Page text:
Windows Virtual PC Settings Dialog

.VHD are the large files as they store data from virtual hard disks, so moving them may make sense. Additionally to the files themselves, if “Create Undo Disks” option is enabled, software will manage additional .VUD file with the name of format “VirtualPCUndo_$(VirtualMachineName)_$(Token).vud” file with changes that has not yet been applied. If moved, the .VUD files have to be thought of as a part of .VHD files.

By default a .VMC file holds both absolute and relative path refrences to .VHD and .VUD files, with relative reference as a priority. So if .VMC and .VHD (optionally with .VUD) files are moved together, no special path update/edit required. Software will be able to locate moved disk file automatically as soon as virtual machine is started. Still it is possible to edit the files manually and have files located in different directories. Also if disk file location is modified via GUI, software offers/attempts to strip undo disk .VUD file and cancel unapplied changes. If configuration file is edited manually, it is possible to keep undo disks without canceling the changes.

When moving files to a different location, make sure to check directory security so that Windows Virtual PC has sufficient privileges accessing files in the new location, or otherwise it would show ambiguous error messages “Could not register the virtual machine”.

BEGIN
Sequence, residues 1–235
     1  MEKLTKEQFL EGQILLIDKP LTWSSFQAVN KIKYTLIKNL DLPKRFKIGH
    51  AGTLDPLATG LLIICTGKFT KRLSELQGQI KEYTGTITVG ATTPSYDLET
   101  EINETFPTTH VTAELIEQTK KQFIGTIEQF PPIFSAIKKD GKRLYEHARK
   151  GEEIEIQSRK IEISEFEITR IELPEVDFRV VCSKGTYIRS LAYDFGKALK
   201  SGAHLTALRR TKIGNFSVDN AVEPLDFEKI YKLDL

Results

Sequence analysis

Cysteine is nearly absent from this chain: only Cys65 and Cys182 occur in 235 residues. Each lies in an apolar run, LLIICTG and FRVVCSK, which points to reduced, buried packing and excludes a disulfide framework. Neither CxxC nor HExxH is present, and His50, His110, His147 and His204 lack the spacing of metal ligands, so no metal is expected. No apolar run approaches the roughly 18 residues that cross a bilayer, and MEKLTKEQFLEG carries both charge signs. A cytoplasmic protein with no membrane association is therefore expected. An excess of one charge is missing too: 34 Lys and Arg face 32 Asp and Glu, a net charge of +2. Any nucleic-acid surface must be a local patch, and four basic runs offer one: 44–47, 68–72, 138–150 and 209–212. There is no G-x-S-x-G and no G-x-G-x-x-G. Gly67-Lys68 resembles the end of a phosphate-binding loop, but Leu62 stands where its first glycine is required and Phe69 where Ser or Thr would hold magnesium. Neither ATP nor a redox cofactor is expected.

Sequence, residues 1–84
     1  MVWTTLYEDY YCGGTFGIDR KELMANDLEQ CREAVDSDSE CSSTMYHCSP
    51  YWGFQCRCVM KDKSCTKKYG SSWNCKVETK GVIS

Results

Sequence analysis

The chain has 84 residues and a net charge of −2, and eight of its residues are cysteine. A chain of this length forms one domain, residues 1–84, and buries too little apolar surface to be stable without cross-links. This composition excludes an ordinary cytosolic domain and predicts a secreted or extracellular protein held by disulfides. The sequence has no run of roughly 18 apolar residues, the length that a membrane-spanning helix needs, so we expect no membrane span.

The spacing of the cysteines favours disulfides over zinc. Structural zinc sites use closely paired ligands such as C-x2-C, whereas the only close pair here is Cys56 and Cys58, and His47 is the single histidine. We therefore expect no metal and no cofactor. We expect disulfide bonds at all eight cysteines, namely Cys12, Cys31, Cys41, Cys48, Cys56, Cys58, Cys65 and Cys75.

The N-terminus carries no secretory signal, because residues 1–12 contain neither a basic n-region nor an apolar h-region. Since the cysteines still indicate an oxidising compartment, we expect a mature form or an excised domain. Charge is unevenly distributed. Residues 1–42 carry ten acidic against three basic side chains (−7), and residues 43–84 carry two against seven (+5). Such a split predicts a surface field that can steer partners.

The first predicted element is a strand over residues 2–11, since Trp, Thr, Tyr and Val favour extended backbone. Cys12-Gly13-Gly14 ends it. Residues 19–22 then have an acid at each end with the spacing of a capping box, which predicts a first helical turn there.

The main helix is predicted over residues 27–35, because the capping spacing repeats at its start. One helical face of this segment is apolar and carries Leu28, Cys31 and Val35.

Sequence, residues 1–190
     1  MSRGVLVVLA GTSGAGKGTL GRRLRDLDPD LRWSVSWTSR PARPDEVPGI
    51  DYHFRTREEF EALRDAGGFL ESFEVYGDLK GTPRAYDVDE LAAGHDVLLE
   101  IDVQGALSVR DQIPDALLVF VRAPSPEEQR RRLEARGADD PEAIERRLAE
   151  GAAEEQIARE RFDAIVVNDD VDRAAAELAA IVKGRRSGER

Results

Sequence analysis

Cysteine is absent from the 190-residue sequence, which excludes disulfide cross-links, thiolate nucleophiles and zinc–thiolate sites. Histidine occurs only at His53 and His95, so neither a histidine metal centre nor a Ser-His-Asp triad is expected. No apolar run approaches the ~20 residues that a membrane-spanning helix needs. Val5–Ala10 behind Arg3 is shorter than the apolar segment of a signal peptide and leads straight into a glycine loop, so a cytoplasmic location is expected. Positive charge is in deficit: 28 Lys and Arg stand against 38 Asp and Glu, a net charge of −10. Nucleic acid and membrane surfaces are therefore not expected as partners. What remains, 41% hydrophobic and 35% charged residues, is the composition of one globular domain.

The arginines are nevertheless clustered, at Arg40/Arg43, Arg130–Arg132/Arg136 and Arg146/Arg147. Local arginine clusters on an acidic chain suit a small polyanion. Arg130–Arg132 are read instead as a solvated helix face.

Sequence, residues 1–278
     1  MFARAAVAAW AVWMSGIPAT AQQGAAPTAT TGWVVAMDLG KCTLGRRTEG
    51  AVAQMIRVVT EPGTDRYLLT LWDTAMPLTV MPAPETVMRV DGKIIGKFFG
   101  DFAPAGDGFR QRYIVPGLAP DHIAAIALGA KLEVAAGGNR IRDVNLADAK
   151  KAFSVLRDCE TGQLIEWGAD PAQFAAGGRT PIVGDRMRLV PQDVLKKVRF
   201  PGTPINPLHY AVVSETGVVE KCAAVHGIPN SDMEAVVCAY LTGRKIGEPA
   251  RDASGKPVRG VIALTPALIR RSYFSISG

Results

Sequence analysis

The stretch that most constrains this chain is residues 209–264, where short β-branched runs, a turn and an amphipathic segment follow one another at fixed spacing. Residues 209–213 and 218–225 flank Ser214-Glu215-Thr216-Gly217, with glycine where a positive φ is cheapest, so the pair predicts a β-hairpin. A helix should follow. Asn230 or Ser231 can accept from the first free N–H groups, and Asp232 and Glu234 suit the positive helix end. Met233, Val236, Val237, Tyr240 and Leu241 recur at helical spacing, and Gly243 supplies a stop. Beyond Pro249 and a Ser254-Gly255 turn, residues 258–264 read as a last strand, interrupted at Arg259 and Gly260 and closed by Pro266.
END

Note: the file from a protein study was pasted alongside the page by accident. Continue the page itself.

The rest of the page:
See Also: Windows Virtual PC Tips on microsoft.com

MediaTools: How to manually configure filters to render M-JPEG video stream from an IP camera

Media Tools DirectShow Filters can be used to acquire, parse and decoder M-JPEG encoded video stream from an IP camera or a video server, however for a quick start it is necessary to properly register filters on system and create a DirectShow graph.

To register the filters, it is necessary to download DLLs from repository. While Acquisition.dll does not require special prerequisites installed, CodingI.dll is using Intel Integrated Performance Primitives (IPP) version 6.0.0 internally and requires its [at least] redistributables installed before DLLs are being registered using regsvr32.